delicacy

[del-i-kuh-see]

noun, plural del·i·ca·cies.


Nearby words

  1. deliberative,
  2. delibes,
  3. delibes, léo,
  4. delibrate,
  5. delicacies,
  6. delicate,
  7. delicately,
  8. delicatessen,
  9. delicia,
  10. delicious

Origin of delicacy

First recorded in 1325–75, delicacy is from the Middle English word delicasie. See delicate, -cy

Related formshy·per·del·i·ca·cy, noun

Dictionary.com Unabridged Based on the Random House Unabridged Dictionary, © Random House, Inc. 2019

Examples from the Web for delicacy


British Dictionary definitions for delicacy

delicacy

noun plural -cies

fine or subtle quality, character, construction, etcdelicacy of craftsmanship
fragile, soft, or graceful beauty
something that is considered choice to eat, such as caviar
fragile construction or constitution; frailty
refinement of feeling, manner, or appreciationthe delicacy of the orchestra's playing
fussy or squeamish refinement, esp in matters of taste, propriety, etc
need for tactful or sensitive handling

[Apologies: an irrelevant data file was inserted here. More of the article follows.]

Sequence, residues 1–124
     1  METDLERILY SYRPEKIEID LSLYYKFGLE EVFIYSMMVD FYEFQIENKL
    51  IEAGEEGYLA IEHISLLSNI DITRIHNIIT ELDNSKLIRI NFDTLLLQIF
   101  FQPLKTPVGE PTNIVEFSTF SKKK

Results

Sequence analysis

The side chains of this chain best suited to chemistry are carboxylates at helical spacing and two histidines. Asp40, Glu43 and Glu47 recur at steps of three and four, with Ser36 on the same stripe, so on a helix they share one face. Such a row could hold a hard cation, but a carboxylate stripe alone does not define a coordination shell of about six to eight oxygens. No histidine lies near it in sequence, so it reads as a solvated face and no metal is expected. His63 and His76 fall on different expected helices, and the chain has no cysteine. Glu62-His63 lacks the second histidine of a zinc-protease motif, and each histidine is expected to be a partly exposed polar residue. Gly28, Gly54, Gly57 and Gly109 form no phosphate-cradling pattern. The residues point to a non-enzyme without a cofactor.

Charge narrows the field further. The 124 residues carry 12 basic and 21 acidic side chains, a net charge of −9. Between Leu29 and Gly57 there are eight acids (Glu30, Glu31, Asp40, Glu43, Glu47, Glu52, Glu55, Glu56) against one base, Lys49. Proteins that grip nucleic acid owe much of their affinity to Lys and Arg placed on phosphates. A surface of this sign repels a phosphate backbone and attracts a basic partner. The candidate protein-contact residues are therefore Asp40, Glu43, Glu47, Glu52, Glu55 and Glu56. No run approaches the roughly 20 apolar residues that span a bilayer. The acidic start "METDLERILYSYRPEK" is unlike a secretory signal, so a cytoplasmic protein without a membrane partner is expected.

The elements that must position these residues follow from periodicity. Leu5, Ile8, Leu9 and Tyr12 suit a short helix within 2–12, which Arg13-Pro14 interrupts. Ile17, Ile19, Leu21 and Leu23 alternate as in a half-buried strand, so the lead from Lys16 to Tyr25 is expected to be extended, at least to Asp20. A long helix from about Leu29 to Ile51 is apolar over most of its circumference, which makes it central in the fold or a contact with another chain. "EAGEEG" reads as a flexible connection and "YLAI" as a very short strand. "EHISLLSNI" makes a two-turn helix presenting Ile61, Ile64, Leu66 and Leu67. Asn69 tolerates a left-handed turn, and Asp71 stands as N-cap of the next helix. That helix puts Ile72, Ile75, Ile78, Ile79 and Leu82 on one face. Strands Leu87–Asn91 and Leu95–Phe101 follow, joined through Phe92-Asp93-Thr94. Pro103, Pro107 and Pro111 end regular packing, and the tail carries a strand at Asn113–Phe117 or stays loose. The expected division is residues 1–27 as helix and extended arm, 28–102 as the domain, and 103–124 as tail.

accuracy or sensitivity of response or operation, as of an instrument
(in systemic grammar) the level of detail at which a linguistic description is made; the degree of fine distinction in a linguistic description
obsolete gratification, luxury, or voluptuousness
Collins English Dictionary - Complete & Unabridged 2012 Digital Edition © William Collins Sons & Co. Ltd. 1979, 1986 © HarperCollins Publishers 1998, 2000, 2003, 2005, 2006, 2007, 2009, 2012

Word Origin and History for delicacy

delicacy

n.

late 14c., "delightfulness; fastidiousness; quality of being addicted to sensuous pleasure," from delicate + -cy. Meaning "fineness, softness, tender loveliness" is from 1580s; that of "weakness of constitution" is from 1630s. Meaning "fine food, a dainty viand" is from early 15c.

Online Etymology Dictionary, © 2010 Douglas Harper